We can fall into a routine reception of the Eucharist. Receiving our Lord’s Body can remain an isolated moment in our life—meaningful, but not central to our identity or how we live. God does not want the Eucharist to remain hidden at Mass or a secret in our lives. Rather, the Eucharist stands at the center of Christian culture, our communal and social way of life.
John Senior asks the question: “What is Christian Culture?,” and provides an answer: “It is essentially the Mass.” In the Restoration of Christian Culture, he describes how in the Middle Ages “all architecture, art, political and social forms, economics, the way people live and feel and think, music, literature—all these things when they are right, are ways of fostering and protecting the Holy Sacrifice of the Mass” (17). The focus on the Mass even shows the purpose of work, “not profit but prayer . . . that we live for Him and not for ourselves.”
Contrast this Eucharistic focus with culture today. Aidan Nichols echoes Senior and points to our own culture: “It is surely clear that the medieval Christian at prayer was supported culturally by a whole way of life. . . . By comparison, the contemporary Christian experiences an absence of God in the world today” (Christendom Awake, 204). He refers to our culture as a spiritual desert. In the midst of this vacuum, we must place God back into the world, starting with our own lives.
Culture can be understood simply as a way of life. A Christian culture, therefore, is a way of life that draws its source and finds its fulfillment in the Christian faith. Just as grace builds upon nature, the Eucharist builds upon human culture. Bread and wine are two of the most important and fundamental works of culture. They do not just grow out of the earth, but we use our intelligence to form them from the fruits of the earth. The matter of the Eucharist cannot be wheat and grapes, but the works of culture. The sacrament transforms our works of culture into acts of cult (worship), making them supernatural and divine.
The Eucharist may draw upon the work of human hands, but it becomes the offering we could never create on our own. As the Eucharist transforms our offering into the divine, we too are transformed by receiving it. John Paul elucidates this two-way street of Christian culture, as the material world becomes spiritualized and the spiritual impacts the material:
On the one hand, the works of material culture always show a “spiritualization of matter,” a submission of the material element to man’s spiritual forces, that is, his intelligence and will—and that, on the other hand the works of spiritual culture manifest, specifically, a “materialization ” of the spirit, an incarnation of what is spiritual” (Address to UNESCO, 8).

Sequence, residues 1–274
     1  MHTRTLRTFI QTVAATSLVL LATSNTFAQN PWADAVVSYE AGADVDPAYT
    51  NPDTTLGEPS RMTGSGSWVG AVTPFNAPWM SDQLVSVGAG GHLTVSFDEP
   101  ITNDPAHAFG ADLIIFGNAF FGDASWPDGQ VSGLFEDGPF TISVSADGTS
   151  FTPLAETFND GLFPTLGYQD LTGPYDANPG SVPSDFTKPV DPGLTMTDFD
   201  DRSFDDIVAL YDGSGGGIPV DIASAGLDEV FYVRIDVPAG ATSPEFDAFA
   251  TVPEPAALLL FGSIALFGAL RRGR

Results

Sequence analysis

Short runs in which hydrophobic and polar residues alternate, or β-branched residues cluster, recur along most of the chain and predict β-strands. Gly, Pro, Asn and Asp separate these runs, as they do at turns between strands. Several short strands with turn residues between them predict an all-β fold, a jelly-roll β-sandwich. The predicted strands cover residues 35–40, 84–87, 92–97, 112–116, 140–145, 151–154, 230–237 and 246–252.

According to the same logic, the Eucharist transforms not only our soul, but our entire life, as we incarnate its fruits in our family life, work, and leisure. Christian culture as a whole becomes sacramental, an expression of the divine bursting forth from God’s entrance into the world.
The Eucharist should shape our way of life by centering our spirituality on becoming one with God in the embrace of Communion with Him. It shapes our time as the Lord’s Day is the center of the week and the liturgical seasons and feasts guide the rhythm of the year. The Eucharist also changes us throughout time from the inside out. Jesus makes us more like Him within, which in turn shapes all that we do to reflect this identity. Pope Benedict XVI tells us that “Eucharistic spirituality . . . embraces the whole of life” and “as a mystery to be ‘lived,’ meets each of us as we are, and makes our concrete existence the place where we experience daily the radical newness of the Christian life” (Sacramentum Caritatis, 77; 79).
The Eucharist also represents the pinnacle of creation, pointing us to the very purpose of the world and human life: to glorify God and to embody His presence. Pope Francis points to this reality at the end of Laudato Si’ (paragraph 236):
It is in the Eucharist that all that has been created finds its greatest exaltation. . . . He comes not from above, but from within, he comes that we might find him in this world of ours. In the Eucharist, fullness is already achieved; it is the living centre of the universe, the overflowing core of love and of inexhaustible life. Joined to the incarnate Son, present in the Eucharist, the whole cosmos gives thanks to God. . . . The Eucharist joins heaven and earth; it embraces and penetrates all creation. The world which came forth from God’s hands returns to him in blessed and undivided adoration: in the bread of the Eucharist, “creation is projected towards divinization, towards the holy wedding feast, towards unification with the Creator himself” (quoting Pope Benedict XVI, homily for Corpus Christi, 2006).
The Eucharist encapsulates all that we are and are called to be. In it spirit transforms matter; God enters the world; and creation offers back to the Creator a prefect work of prayer and sacrifice, offering to the Father a gift of infinite value. God draws our own work into this sacrifice, dignifying our humanity and life, and through it shapes our life and work. The Eucharist is truly the life of our soul, but also of our culture. It is our way of life.